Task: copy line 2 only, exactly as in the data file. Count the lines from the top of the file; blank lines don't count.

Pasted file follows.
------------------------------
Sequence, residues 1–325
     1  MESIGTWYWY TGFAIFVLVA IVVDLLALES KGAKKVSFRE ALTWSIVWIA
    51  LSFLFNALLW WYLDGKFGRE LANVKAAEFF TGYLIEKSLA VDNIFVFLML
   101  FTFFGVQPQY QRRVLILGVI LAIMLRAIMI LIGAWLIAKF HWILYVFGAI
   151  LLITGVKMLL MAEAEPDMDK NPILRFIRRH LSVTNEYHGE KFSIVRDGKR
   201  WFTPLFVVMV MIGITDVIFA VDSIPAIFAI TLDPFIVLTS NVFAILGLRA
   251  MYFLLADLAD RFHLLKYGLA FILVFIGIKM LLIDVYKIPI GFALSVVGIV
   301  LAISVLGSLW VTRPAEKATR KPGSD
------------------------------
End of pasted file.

     1  MESIGTWYWY TGFAIFVLVA IVVDLLALES KGAKKVSFRE ALTWSIVWIA